His words are measured and without self-pity. Yes, he will add his voice to those crying out for more respect among National Hockey League players, but attempts to get Eric Lindros to connect his own history of concussions to what Sidney Crosby is going through, or about to go through, get nowhere.
After a career ruined by six concussions and resulting political battles with a game and power structure that didn't want to know what it was really dealing with, Lindros is all too aware that each concussion, let alone each person's response to it, is unique, both in terms of rehabilitation and reintegration into the game. The star player is targeted; the third or fourth-liner worries about his job. Culture change? Good luck with that.
"What happens is you get tagged as being concussion prone, and there's a huge decline in the respect you get because of it," Lindros said in a telephone interview on Wednesday. "It's people trying to make their name, you know? It's little things that occur after the play, like when it switches out of the corner and the play goes up the ice and you're spinning around heading back up to back check and – bam! You know … where they kind of catch you."
Is culture change coming to the NHL as a result of Crosby's concussion? Or could it be that the only thing that has now happened is that Crosby has just had a target put on his back for the rest of his career? The answer depends on whether NHL players and agents realize how utterly daft they look.
Forget the owners. Forget Gary Bettman or Colin Campbell. They live in a muddle of money and rules and politics; by nature they can't see the forest for the trees. They are lost causes. The agents are speaking up – some of them, at least – but mostly to throw the issue in the lap of the National Hockey League Players' Association.
Note to the agents: You want change? Spend some money and get everybody together at the all-star game and go behind a locked door. Keep the press out. Turn off the BlackBerries. And read your players the riot act. Stress zero tolerance for a shot to the head, any hit above the shoulders. Then lobby for Draconian suspensions. If a few players get screwed for clearly accidental hits? Too bad. The game will go on without them.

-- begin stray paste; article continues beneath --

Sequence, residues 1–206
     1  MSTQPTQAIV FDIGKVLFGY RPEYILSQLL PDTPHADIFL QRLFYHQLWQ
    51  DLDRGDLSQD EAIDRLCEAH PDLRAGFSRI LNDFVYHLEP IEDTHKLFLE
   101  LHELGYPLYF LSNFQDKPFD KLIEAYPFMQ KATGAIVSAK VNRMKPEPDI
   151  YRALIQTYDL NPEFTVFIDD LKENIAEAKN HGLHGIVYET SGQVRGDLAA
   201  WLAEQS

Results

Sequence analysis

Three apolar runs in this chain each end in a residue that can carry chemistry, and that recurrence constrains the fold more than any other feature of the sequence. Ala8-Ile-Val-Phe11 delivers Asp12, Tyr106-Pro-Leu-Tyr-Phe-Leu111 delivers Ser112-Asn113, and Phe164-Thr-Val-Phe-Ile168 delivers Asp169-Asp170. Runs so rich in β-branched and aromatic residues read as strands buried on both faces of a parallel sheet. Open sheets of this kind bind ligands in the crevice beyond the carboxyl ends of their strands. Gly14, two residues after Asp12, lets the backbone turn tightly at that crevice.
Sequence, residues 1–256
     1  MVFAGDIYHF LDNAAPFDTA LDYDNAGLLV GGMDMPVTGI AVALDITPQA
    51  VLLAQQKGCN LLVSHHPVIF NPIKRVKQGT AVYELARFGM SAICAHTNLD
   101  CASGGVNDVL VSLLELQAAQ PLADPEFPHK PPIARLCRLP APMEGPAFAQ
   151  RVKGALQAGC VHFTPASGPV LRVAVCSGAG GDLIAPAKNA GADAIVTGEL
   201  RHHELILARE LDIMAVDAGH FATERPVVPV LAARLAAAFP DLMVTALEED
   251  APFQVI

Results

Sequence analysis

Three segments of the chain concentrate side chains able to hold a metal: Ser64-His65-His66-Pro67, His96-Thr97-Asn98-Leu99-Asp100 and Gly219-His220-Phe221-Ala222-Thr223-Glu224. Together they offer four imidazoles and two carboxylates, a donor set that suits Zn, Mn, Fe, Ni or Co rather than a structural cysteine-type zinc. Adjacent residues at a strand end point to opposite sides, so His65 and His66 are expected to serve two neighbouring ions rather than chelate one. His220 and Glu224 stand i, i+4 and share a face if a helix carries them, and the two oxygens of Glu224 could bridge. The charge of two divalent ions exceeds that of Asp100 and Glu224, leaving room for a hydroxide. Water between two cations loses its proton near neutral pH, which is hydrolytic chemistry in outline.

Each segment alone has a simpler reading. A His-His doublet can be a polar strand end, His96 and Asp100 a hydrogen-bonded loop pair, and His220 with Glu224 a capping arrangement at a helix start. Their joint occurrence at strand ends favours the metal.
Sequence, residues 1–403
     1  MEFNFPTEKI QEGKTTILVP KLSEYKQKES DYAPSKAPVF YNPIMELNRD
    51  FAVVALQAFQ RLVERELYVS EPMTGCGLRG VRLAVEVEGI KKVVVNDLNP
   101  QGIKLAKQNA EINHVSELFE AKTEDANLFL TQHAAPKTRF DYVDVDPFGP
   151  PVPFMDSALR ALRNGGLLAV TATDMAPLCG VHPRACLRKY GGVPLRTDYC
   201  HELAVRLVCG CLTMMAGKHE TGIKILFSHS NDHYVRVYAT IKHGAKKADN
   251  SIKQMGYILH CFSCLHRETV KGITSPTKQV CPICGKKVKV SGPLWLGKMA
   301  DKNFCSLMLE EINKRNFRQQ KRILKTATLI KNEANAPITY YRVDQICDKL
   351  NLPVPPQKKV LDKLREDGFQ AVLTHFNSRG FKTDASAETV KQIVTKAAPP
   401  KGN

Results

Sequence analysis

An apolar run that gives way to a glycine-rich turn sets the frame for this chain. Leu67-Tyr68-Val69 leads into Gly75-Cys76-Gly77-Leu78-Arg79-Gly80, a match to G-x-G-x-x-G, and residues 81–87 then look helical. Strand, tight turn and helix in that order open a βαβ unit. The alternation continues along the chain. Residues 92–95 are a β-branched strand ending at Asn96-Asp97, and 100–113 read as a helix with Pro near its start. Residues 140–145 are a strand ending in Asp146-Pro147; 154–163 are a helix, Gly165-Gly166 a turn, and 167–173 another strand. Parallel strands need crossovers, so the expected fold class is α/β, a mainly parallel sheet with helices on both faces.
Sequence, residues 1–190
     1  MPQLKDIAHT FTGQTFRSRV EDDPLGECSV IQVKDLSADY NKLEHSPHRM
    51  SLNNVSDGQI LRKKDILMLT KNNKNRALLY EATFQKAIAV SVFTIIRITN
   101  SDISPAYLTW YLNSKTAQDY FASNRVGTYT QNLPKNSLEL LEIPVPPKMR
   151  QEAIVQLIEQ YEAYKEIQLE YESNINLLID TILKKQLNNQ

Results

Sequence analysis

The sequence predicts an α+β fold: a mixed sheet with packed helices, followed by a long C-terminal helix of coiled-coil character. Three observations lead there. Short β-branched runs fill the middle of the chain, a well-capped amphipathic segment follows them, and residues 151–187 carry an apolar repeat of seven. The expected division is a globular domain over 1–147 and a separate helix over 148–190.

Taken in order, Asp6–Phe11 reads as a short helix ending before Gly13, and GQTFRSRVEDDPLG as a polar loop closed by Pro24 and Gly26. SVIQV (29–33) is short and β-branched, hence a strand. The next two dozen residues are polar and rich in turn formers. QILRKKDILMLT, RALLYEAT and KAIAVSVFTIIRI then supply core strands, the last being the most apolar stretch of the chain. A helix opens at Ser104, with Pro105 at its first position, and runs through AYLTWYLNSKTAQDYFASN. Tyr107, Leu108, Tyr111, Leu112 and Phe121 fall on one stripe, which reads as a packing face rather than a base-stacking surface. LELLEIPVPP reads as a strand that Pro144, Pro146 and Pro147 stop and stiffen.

"Well, we used to talk about this all the time when I was at the players' association," Lindros says, his voice trailing off.
You wait for the next statement. It never comes.
Lindros believes the seminal moment for the discussion of concussions and sports occurred in October of 2009 when the iconic CBS newsmagazine 60 Minutes devoted a segment to concussions among NFL players and a possible link to early-onset dementia. "That's when the big push finally started, it seems," Lindros said. "The pressure initially was on the NFL. But then it moved to other organizations."
Is this the NHL's come-to-Jesus moment? As Lindros noted, it is both "ironic and unfortunate" that it appears as if it's taken a concussion sustained by the game's biggest name to create at least a sense of movement. Once upon a time he was that name – or one of them – and nobody seemed to learn much from the lesson that was his career.
So let's see what happens the first time Crosby is back on the ice and in a vulnerable position, with some rock-head circling. "Guys take liberties," Lindros said matter-of-factly. That they do, and until that stops, there will be no culture change. Just lost opportunity and, most likely, more lost careers.
The NHL can't say it wasn't warned.